China’s been breaking all sorts of records these past few years. From the “World’s Longest Bridge” to the “World’s Largest LED Screen”, China holds quite an impressive list of World records.

Recently, the title for the “World’s Most Expensive Dog” was snatched by China – again. A red Tibetan Mastiff, named “Hong Dong”, was sold for 10 million yuan (around $1.5 million) to a coal baron from North of China. Before the sale, the World’s most expensive dog was another Tibetan Mastiff who was sold in 2009 for 4 million yuan ($608,680).

“Hong Dong”, is 11-months-old but already stands nearly three-feet-high at the shoulder and weighs more than 180lbs, according to his breeder, Lu Liang. “He is a perfect specimen,” said Mr Lu, who runs the Tibetan Mastiff Garden in Laoshan, near the eastern Chinese city of Qingdao. “He has excellent genes and will be a good breeding dog.” “The price is justified,” he said. “We have spent a lot of money raising this dog, and we have the salaries of plenty of staff to pay.”

According to Mr Lu, the Tibetan Mastiff was fed a diet of chicken and beef, spiced up with exotic Chinese delicacies such as sea cucumber and abalone. That sounds like a luxurious life even for a human. Considering that abalone is something most living in China will never taste in their entire life, I would say that most would wish to rather be reincarnated as this dog.

But is a rare breed and an opulent style of nurturing worth such a high price? The new owner definitely thinks so. The male dog can be hired out to other breeders for as much as 100,000 yuan a shot, so it can be considered more as an investment than pet.

Tibetan Mastiffs are huge and fierce guard dogs that have stood watch over nomad camps and monasteries on the Tibetan plateau for centuries. They are thought to be one of the world’s oldest breeds, and legend has it that both Genghis Khan and Lord Buddha kept them.

More recently, however, they have become highly-prized status symbols for China’s new rich. The dogs are thought to be a pure “Chinese” breed and they are rarely found outside Tibet, giving them an exclusivity that other breeds cannot match.

via Telegraph.


After 2 years of living in her six-story, 38,000-square-foot Shanghai mansion, Mattel’s iconic American doll Barbie is moving out.

The Shanghai flagship store, which featured a spa, a cosmetics counter, and a cocktail bar, was launched in March 2009 (Barbie’s 50th birthday) in an attempt to expand the market into China. However sales failed to meet expectations and the firm was forced to cut its targets within the first eight months of the store’s existence.

Mattel is taking a positive spin on the situation, claiming that the store “served its purpose and was meant only to establish Barbie’s brand in China”. Barbie will soon be jumping in her “Barbie Pink Bus” to head on tour in the near future, a spokeswoman said, declining to disclose further details.

In the meantime, Barbie is still being sold in other shopping outlets across China.

A notice announcing Barbie’s new “mobile” lifestyle in China after her Shanghai mansion went into foreclosure can be found here.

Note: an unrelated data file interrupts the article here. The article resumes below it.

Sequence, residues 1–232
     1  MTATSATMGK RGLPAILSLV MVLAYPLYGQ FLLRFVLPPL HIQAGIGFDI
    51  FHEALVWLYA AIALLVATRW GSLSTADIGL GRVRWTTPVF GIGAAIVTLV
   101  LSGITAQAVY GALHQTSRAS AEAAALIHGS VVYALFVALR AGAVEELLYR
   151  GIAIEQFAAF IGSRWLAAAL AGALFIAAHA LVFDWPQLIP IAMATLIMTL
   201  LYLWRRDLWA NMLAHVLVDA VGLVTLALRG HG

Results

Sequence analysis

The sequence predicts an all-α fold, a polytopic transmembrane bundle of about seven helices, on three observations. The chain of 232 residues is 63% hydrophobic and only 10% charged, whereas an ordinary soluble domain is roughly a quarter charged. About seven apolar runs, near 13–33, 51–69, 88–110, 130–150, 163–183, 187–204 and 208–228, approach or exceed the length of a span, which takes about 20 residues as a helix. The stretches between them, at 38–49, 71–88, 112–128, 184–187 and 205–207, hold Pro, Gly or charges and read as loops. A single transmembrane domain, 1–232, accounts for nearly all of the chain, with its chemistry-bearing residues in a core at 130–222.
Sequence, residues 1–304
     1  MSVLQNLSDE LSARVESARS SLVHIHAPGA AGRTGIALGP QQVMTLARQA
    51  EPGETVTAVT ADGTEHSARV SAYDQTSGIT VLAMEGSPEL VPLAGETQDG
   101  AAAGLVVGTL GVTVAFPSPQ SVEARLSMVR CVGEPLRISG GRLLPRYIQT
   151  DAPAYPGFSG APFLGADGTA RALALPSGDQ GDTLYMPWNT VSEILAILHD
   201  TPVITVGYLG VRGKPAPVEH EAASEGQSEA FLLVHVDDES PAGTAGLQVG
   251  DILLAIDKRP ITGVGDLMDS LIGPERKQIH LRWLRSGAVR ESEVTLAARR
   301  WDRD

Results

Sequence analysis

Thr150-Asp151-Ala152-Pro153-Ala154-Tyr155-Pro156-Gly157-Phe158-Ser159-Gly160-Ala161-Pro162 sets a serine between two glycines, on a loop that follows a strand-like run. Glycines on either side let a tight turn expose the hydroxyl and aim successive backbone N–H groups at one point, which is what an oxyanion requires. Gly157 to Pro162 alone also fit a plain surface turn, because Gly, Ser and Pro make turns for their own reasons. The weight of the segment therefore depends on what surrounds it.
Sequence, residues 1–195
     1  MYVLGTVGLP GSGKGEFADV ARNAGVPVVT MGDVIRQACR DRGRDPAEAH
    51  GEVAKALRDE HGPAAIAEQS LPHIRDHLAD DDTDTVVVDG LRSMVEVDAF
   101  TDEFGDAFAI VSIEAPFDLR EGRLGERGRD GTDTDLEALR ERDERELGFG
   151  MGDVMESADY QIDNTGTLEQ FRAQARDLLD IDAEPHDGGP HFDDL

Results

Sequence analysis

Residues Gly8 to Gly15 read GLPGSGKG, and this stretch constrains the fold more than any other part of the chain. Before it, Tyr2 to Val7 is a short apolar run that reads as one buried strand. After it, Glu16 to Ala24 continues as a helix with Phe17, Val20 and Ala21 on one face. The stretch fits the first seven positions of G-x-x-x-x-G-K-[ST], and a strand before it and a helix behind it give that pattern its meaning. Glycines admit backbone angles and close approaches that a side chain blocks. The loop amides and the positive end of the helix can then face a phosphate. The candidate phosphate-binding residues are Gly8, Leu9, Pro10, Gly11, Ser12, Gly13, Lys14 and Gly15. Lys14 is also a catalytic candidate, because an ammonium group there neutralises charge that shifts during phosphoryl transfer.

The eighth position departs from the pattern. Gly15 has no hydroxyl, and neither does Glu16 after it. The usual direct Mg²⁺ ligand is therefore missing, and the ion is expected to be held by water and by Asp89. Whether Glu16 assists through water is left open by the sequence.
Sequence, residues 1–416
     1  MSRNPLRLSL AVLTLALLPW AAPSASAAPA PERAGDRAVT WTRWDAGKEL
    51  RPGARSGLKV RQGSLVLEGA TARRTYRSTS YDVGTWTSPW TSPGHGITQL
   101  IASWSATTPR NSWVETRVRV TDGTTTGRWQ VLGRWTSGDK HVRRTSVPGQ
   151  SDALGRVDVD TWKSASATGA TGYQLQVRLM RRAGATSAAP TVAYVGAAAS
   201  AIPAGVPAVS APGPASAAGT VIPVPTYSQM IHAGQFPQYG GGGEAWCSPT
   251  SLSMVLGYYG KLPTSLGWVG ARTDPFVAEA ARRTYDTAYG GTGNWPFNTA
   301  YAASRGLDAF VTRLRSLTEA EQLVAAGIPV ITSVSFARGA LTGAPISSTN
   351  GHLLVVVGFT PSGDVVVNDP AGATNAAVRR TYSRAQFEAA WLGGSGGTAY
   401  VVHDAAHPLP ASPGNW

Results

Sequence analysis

I personally think a lot of these Western companies enter China’s market with an overly optimistic outlook and ambitious goals. To see what I’m talking about, Just take a look at the photo gallery after the jump.
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Just when I was getting excited about China’s first capsule hotel, the fire authorities in Shanghai have refused to issue an operating license.

The refusal was mainly due to fire and personal safety concerns. Apparently, the capsules were found to be made of highly flammable materials. In addition, inspectors said that the average space for each guest, which is measured at 2.4 square meters, did not meet the city’s basic requirement for renting houses and may pose difficulties for emergency evacuation.

The “Xitai Capsule Hotel” was set to be China’s first capsule hotel. The hotel features 68 cabinet-sized rooms imported from Japan – where capsule hotels originated – each equipped with a power point, clock, light, television and wireless Internet. The hotel is only opened to men with shared lavatory and shower facilities. It also has a designated area for snoring guests.

The hotel planned on charging 68 yuan ($10) for 10 hours or 88 yuan for 24 hours which is very cheap – even compared to budget hotels in China.

Ta Zan, the owner of the hotel who used to work for capsule hotels in Japan, said that without a license, he had never booked a guest since construction was completed last October. Ta regretted the denial of a license, but said that he would not give up the idea of opening capsule hotels in China.


A Taiwanese sporting goods brand marketed their “no pants day” campaign by deploying a group of Taiwanese models on the subway. Since it’s “no pants day”, the models are obviously required to not wear any pants. The models wandered around the subway looking very comfortable showing off their panties.

I wish everyday is a no pants day!

Check the video below:

via Shanghaiist.


It’s really here. McDonald’s in Hong Kong has launched McWeddings as an official product offering.

I am speechless. I have joked about a McDonald’s wedding reception on many occasions, but that was an idea to make sure no one comes to my wedding. As someone who was born and raised mainly in Hong Kong, I feel really ashamed of having the title of World’s first McWedding attached to the place I live.

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via reddit


In Chengdu, beautiful girls walk the catwalk to apply for jobs while CEOs sit in the audience to evaluate them.

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